Some prosecutors have publicly embraced the goals of realignment, including Gascón. He is sponsoring legislation to create a San Francisco sentencing commission, is in the process of hiring a sentencing analyst to work with prosecutors, and said he has been "talking to staff for months now about how we can do everything we can to actually make this work, and to do it in a way that that creates better outcomes for the community."
Making it work
"My philosophy is that we want to be creative, we want to work within the system and we want to make it work - but obviously, we are always looking out for public safety," Gascón said. "But there are some people that are not going to qualify for realignment, because they have a history of violence or sex crimes."
One of those people, he said, is Jason Collins, a 30-year-old man who will be sentenced Monday for selling 0.19 grams of crack to a police officer. He is facing up to 11 years in state prison.
Qiana Washington, Collins' public defender, said he has a long history of drug abuse but has never been offered treatment. Washington said Collins was offered a plea deal of three years in state prison in the most recent case, but elected to go to trial because he denied selling the drugs and claimed he was beaten by the arresting officers.
"To me, it seems like prosecutors are going for more state prison - I have another case where the offer before realignment took effect was one year in county jail, and now, after realignment, they want three years in state prison. It's not like the case has changed in any way," she said. "It doesn't seem to be in line with what the citizens of the state want to happen (to drug offenders), and it doesn't seem like it will do a lot of good."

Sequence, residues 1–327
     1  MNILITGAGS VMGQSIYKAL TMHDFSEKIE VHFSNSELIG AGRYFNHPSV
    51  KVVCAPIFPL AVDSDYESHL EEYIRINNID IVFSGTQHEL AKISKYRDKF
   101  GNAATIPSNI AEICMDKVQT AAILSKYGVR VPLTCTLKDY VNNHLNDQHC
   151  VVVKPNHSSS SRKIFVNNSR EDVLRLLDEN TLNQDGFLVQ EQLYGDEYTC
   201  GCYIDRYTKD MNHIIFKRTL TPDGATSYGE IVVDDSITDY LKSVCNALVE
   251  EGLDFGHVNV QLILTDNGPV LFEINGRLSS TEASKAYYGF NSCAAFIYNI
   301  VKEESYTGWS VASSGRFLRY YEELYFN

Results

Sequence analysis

But Gascón spokeswoman Stephanie Lee said Collins was convicted of robbing an 83-year-old man in 2007 - a violent offense that automatically disqualifies him from a county-jail sentence. Washington argued that prosecutors could have moved to strike the prior offense from his record. The district attorney's office disagrees.
"Mr. Collins had the chance to accept responsibility and plead guilty and he chose not to and went to trial," Lee said. "He attacked an 83-year-old man ... that is not a nonviolent offense."
Gascon said that his office is "looking at one case at a time," to determine what is best for both an offender and the community.
"We really are trying to look very globally at an offender as opposed to just their offense," he said. "Safety is always the overarching concern."